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Compliance Auditing


Environmental compliance auditing is a non-punitive, systematic and periodic review of the status of environmental compliance in regulated operational areas.  This review can be done by an external individual or team of people or an individual or team of people internal to the operation of the installation, facility, or site providing that the auditors are independent of the audited operations.  These audits are done on a cyclic basis to ensure compliance with pertinent Federal, State, and local regulations is maintained and new or revised applicable regulations are incorporated into day-to-day operations and activities. 


EPA encourages all regulated entities to audit themselves routinely and supported implementation of this process when they first issued the July 9, 1986 "Environmental Auditing Policy Statement" (51 FR 30466) and later the 22 December 1995 ''Incentives for Self-Policing: Discovery, Disclosure, Correction and Prevention of Violations'' (60 FR 66706).   This policy was updated again and most recently on April 11, 2000 and is commonly referred to as the ''Audit Policy'' (65 FR 19618).  The EPA Audit Policy provides incentives for self-disclosure of audit findings to EPA (which may include a reduction of penalties) if the regulated facility satisfies the nine conditions for penalty mitigation explained in the EPA Audit Policy. Under the automated eDisclosure system, regulated entities (including federal facilities) will be able to resolve certain routine types of disclosures. EPA is launching the eDisclosure system to continue the benefits of self-disclosure policies and provide penalty mitigation and other incentives for companies that self-police, disclose, correct and prevent violations. See EPA's website for details on the incentives to self-audit and disclosure and the self-reporting process using e-Disclosure.

Also in support of self-auditing, the EPA issued an Environmental Audit Program Design Guidelines For Federal Agencies (EPA 300-B-96-011) and a series of 14 audit protocols starting in 1998 and ending in 2005.  Topics addressed included:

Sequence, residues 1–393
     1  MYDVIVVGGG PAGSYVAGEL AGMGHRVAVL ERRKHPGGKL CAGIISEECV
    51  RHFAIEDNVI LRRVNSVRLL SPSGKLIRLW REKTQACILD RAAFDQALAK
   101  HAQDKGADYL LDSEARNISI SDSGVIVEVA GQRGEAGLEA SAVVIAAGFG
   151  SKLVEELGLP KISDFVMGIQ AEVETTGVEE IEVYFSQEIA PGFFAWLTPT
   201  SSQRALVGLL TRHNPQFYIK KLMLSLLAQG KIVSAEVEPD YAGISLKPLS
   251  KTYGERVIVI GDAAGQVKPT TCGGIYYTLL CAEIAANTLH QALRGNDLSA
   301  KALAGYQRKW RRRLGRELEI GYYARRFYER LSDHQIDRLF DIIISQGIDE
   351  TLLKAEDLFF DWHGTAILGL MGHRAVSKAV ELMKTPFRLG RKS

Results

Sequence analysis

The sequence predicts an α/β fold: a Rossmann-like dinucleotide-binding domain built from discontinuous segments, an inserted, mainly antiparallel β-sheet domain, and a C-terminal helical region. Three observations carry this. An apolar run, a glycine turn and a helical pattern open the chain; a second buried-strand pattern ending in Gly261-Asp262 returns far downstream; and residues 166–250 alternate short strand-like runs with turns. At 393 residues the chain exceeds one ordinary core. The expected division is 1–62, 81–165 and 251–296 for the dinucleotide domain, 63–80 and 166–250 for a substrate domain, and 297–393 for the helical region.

• Generation, Treatment and Disposal of RCRA Hazardous Waste
   (regulatory overview; additional auditing aids)
• Universal Waste and Waste Oil under RCRA
    (regulatory overview of universal waste; regulatory overview of used oil)
• RCRA Regulated Storage Tanks
   (regulatory overview; additional auditing aids)
• CERCLA/SARA (cleanup)
   (regulatory overview; additional auditing aids)

• EPCRA (emergency preparedness/community right-to-know)
   (regulatory overview and additional auditing aids)

• FIFRA (pesticides)
   (regulatory overview; additional auditing aids)
• RCRA Subtitle D (solid waste)
   (additional auditing aids)
• Clean Water Act
   (regulatory overview of wastewater treatment; additional auditing aids)
• SDWA (drinking water)
   (regulatory overview; additional auditing aids)
• RCRA Subtitle C (hazardous waste)
   (regulatory overview; additional auditing aids)
• Stormwater
   (regulatory overview; additional auditing aids)
• PCBs, Lead-based Paint and Asbestos
   (regulatory overview of asbestos; additional auditing aids)

None of these EPA audit protocols nor the audit program guidelines document have been updated since they were originally issued.  With the exception of the Stormwater protocol, the EPA audit protocols were based on the U.S. TEAM Guide which was developed for multiple Federal Agencies which partner together for the ongoing updating of the U.S. TEAM Guide and associated State Supplements.


In addition to audit protocols there are numerous tools, databases, and guidance documents which can be used to enhance the audit process and ensure regulations are being accurately applied.  These tools, databases and guidance documents can be found in the Environmental Compliance Program Area under the headings "Regulations, Guidance, and Policy", "Supporting Information and Tools" and "Lessons Learned->Compliance Auditing."

Executive Order Requirements for Federal Agency Environmental Auditing Programs and Regulatory Compliance

Federal facilities were mandated to comply with federal, state and local environmental regulations in 1978 by Executive Order 12088. Despite compliance being required since 1978, it was with the issuance of the 1992 Federal Facilities Compliance Act which waived sovereign immunity for federal agencies from fines associated with hazardous waste and underground storage tank violations that brought attention to the need for federal facilities to comply with Federal, State, and local environmental regulations. 


The need to conduct environmental compliance audits was further supported by Executive Order 13514 of 5 October 2009 (rescinded) and EO 13693 of 19 March 2015 which encourage the use of environmental management systems (EMS) by Federal Agencies/facilities.  Inherent in the implementation of EMS is the conduct of environmental compliance audits. 

For a discussion of factors to consider in the development of an audit program, click here.
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Last Updated: August 23, 2016